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China brokers Saudi-Iran reconciliation, prompting concern from former Director of National Intelligence
Saudi Arabia and Iran have agreed to resume diplomatic relations, which were suspended for seven years, following talks brokered by China. The deal includes reopening embassies and missions within two months, activating a security cooperation agreement, and strengthening agreements on trade, economy, and investment. Former Director of National Intelligence John Ratcliffe has criticized the agreement, calling it a “terrible development” that will leave China and Iran stronger, and the US and Israel weaker, making the Middle East more vulnerable. Ratcliffe said that President Biden’s foreign policy is putting American national security at risk and that he wants China to be seen as a friendly competitor, despite clear intelligence that shows otherwise.
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FINANCIAL TIMES — SVB collapse forces rethink on interest rates and hits bank stocks
The failure of Silicon Valley Bank has caused a global market upheaval, with investors revising their interest rate projections and selling bank stocks around the world. Government bond prices rose as fund managers bet that the Federal Reserve would keep interest rates unchanged at its next scheduled monetary policy meeting, after last week's takeover of SVB and the withdrawal of funds by customers. Bank stocks fell as investors worried about other potential institutions coming under strain, with shares in First Republic dropping and the KBW banks index, which includes larger US lenders, falling by 11.7%. Europe's Stoxx banks index also fell by 6.7%, with all 22 stocks in the index in negative territory. The collapse of SVB highlighted the risks in the financial system as central banks rapidly lift borrowing costs, and investors and analysts believe policymakers will need to be cautious as they try to control inflation. The Fed is expected to ease off its campaign to raise interest rates, after weeks of debate over whether it will opt for a 0.5 or 0.25 percentage point increase after its meeting later this month.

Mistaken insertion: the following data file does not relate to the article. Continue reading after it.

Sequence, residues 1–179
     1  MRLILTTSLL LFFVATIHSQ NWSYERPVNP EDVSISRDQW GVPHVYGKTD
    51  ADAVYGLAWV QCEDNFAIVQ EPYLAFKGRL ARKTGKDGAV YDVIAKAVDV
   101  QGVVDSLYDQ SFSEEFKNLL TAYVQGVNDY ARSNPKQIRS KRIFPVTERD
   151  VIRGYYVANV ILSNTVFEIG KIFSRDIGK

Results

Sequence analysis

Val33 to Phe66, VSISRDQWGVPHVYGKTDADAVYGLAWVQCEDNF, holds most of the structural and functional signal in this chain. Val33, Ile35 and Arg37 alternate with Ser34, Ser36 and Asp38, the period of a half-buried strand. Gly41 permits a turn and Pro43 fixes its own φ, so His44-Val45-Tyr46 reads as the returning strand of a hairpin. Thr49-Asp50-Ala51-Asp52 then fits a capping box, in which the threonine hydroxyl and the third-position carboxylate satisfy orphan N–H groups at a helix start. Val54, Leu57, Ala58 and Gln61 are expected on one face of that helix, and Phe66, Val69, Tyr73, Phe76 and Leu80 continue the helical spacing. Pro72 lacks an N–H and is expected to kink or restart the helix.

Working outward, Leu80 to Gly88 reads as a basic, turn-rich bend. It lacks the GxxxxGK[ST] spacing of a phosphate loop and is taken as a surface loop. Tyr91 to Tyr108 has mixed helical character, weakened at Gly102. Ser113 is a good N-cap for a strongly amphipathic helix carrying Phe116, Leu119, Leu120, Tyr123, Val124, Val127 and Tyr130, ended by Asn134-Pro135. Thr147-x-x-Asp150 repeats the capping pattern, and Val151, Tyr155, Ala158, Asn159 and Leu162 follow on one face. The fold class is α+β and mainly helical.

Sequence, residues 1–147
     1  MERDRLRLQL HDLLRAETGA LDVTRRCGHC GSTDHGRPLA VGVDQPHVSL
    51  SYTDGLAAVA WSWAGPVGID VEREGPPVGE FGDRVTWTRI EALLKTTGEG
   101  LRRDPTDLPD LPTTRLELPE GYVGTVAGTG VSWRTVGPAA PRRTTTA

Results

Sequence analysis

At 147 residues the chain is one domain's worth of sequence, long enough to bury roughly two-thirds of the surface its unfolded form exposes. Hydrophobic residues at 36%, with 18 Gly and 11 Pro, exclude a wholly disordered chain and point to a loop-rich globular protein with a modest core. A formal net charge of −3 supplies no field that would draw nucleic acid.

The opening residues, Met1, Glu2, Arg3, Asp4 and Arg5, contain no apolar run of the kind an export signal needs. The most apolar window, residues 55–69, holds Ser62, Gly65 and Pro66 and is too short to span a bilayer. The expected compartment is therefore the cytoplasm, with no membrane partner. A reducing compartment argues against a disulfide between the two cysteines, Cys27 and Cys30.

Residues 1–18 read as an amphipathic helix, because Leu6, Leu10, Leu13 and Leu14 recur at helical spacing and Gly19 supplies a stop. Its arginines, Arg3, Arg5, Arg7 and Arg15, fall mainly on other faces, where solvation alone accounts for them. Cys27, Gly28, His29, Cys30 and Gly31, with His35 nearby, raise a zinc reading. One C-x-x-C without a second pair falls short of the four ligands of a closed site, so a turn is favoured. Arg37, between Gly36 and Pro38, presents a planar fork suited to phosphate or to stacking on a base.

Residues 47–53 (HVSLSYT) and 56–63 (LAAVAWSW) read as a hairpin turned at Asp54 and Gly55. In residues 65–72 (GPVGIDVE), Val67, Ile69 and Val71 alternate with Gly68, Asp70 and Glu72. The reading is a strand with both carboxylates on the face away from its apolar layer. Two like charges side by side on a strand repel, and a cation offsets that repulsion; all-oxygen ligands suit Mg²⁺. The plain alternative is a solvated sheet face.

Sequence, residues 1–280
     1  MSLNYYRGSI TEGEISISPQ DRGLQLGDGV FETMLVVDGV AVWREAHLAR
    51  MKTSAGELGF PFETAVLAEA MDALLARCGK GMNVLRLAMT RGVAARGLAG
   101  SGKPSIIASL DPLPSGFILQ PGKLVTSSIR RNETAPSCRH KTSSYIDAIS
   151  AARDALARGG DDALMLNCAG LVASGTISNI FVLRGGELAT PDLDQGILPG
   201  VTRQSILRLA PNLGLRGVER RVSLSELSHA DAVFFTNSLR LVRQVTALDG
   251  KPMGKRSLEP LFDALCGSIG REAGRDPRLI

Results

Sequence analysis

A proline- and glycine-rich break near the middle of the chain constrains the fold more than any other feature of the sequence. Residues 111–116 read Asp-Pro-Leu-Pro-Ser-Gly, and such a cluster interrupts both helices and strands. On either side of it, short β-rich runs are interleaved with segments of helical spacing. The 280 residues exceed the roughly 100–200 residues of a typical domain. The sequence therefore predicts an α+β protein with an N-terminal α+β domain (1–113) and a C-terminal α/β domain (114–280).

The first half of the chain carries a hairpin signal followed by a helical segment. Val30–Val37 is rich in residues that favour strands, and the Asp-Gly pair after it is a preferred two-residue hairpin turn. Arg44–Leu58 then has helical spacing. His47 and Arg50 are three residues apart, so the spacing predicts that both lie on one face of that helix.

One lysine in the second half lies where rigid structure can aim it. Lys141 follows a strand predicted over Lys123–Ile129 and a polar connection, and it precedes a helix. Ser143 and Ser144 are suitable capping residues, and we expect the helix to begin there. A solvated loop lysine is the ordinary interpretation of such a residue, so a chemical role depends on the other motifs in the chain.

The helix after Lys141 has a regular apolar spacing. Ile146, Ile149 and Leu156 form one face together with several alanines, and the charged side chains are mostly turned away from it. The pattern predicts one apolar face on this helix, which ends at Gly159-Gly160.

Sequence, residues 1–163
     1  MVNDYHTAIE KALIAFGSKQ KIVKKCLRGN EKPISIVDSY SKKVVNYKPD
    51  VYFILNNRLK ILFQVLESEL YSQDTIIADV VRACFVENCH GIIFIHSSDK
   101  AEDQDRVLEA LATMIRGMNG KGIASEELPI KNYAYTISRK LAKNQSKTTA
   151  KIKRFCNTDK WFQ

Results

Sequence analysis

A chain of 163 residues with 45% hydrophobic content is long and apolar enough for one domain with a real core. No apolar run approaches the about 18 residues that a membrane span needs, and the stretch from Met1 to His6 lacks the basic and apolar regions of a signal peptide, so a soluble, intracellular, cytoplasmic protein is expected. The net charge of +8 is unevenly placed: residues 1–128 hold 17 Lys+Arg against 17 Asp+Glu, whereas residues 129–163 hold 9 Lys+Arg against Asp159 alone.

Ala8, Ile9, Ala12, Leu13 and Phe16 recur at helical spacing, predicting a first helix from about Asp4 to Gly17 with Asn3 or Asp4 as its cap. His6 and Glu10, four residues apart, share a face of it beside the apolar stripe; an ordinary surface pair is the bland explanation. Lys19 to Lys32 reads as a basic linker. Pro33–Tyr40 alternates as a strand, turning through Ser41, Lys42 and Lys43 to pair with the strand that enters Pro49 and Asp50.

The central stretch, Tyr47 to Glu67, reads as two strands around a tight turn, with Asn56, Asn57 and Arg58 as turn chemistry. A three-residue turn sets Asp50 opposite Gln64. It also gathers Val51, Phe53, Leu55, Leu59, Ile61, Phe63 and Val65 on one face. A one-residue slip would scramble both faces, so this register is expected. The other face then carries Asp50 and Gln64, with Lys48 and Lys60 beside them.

The recent banking crisis in the United States had multiple causes, one of which was the 2018 decision to ease rules that apply to big-but-not-quite-mega-banks. The supporters of this decision included officials such as Federal Reserve Chair Jay Powell, while some of Powell's colleagues, including governor Lael Brainard and Martin Gruenberg, opposed it. The Dodd-Frank Act, passed after the 2008 crisis, had imposed rules to prevent bank failures, but the 2018 decision was aimed at avoiding a one-size-fits-all approach that was considered to be strangling smaller lenders. However, critics argued that the new rules increased the risk of bank runs. After the weekend's intervention, regulators may roll back some of their light-touch approach, but it is unlikely that Congress will agree on new regulation. Rolling back the rollback might benefit large banks that can afford to handle a regulatory burden, but rules for big banks may also become tougher. President Joe Biden reassured Americans that the country's banking system is safe after the recent bank failures, and called for tougher rules to keep banks in line.
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